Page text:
Chosun Ilbo (Kim Mi-young, “RALLY FOR NK ABDUCTEES HELD IN TOKYO,” Tokyo, 10/15/01) reported that a civic group in Japan aimed at rescuing family members abducted by the DPRK, ‘The People’s Grand Assembly to Rescue those Kidnapped by North Korea’ was inaugurated Saturday afternoon in Hibiya Park, Tokyo, with the participation of nearly 2,000 Japanese and Korean. Those in attendance included Choi Woo-yong, the chairperson of Families of Abductees and Detainees in the DPRK (FAD, www.rehome.or.kr) in the ROK; Pierre Rigoulot, the leader of the DPRK People’s Committee in France, and Dr. Norbert Vollertsen, a German expatriate who had been giving medical care in the DPRK. In a statement, the new civic group appealed to people’s anger against terrorism saying they wanted those kidnapped to be returned home safely and quickly.

8. ROK Aid to DPRK

Chosun Ilbo (Choi Gu-sik, “MDP TO PUSH NK RICE AID,” Seoul, 10/14/01) reported that the Millennium Democratic Party decided at a party executive meeting Saturday that it will push to supply the DPRK with rice aid as planned, regardless of the postponed displaced family exchanges. MDP Spokesman Jeon Yong- hak said at the meeting briefing that while the party respects the principle of mutual cooperation, it will treat the rice aid issue separate from the family exchange issue, adding that the rice aid is a humanitarian act. Also, the spokesman of the ruling party explained that sending rice to the DPRK would help stabilize prices and increase government procurement volume.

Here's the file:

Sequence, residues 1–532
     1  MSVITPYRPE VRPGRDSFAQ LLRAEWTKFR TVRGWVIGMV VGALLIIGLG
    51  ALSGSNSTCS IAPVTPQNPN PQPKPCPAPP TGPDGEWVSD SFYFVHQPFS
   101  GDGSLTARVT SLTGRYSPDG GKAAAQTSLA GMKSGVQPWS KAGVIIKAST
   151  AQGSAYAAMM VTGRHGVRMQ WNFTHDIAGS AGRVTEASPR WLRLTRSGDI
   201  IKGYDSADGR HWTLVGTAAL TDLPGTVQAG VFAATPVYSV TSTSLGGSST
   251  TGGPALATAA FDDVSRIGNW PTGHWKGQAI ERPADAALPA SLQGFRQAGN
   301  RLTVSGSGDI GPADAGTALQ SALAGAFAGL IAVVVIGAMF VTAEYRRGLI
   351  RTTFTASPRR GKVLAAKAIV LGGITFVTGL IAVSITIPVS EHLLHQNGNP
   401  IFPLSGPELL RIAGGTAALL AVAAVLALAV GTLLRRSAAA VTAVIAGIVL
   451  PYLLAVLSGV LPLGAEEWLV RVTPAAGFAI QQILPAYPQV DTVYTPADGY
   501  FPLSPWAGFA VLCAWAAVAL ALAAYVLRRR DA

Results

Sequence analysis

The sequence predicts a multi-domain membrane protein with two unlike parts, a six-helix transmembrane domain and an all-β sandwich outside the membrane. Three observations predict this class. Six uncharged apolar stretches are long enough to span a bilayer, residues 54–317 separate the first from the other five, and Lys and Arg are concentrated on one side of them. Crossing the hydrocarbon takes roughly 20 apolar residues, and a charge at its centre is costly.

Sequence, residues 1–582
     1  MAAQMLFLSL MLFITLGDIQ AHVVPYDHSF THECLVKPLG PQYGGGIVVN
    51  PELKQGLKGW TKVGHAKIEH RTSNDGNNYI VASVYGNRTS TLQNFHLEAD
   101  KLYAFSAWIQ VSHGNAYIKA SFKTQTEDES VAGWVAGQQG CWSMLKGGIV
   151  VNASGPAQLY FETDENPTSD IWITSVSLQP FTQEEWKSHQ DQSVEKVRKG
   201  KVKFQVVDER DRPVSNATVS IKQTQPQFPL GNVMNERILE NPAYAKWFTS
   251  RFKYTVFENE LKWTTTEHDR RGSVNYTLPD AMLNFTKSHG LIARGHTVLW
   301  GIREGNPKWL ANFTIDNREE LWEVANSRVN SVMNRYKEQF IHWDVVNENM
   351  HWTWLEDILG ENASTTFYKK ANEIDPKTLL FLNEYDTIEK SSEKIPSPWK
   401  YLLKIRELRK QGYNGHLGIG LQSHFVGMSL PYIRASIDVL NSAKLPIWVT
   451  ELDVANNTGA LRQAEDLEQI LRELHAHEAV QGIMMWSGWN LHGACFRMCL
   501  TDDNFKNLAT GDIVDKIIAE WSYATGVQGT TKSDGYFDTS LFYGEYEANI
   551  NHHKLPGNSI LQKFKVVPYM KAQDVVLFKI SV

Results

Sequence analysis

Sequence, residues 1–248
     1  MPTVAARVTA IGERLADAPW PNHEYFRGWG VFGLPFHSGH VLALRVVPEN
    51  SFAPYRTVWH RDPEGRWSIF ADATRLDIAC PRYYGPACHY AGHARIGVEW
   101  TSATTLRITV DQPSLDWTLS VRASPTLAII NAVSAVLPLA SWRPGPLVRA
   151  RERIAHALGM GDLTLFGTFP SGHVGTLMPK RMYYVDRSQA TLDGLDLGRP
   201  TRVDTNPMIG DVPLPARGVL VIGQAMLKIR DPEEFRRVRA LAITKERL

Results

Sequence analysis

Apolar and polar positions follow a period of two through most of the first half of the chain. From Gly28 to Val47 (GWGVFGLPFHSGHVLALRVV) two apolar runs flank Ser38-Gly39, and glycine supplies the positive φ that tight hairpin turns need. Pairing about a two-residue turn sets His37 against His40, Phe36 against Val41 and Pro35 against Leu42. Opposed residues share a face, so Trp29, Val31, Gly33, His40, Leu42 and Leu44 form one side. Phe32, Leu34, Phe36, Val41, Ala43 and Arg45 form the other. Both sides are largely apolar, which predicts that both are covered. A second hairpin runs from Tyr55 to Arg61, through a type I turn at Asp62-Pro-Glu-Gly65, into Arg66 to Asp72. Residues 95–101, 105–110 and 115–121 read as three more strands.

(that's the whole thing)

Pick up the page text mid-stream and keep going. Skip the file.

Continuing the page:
III. Japan

1. Japan-PRC Relations

The Financial Times (Richard McGregor and Gillian Tett, “KOIZUMI SAYS SORRY FOR JAPAN’S WARTIME ROLE IN CHINA,” Shanghai and Tokyo, 10/09/01, 19) reported that Junichiro Koizumi, Japan’s prime minister, flew to Beijing and made “heartfelt apology” to China for his country’s brutality before and during the second world war on October 9. Mr.Koizumi’s gesture apparently succeeded in winning Beijing’s acceptance of Japan’s desire to participate in the US-led war on terrorism, the article said. Mr.Koizumi also placed a wreath at the symbolically important Marco Polo Bridge in Beijing, the site of an incident used by Japan to intensify its attacks on China in 1937. Mr.Koizumi told Japanese reporter that “The ill-feeling up until now was dispersed and we agreed to co-operate to make next year’s 30th anniversary of the restoration of Sino-Japanese relations a meaningful event.”

2. Yasukuni Shrine Issue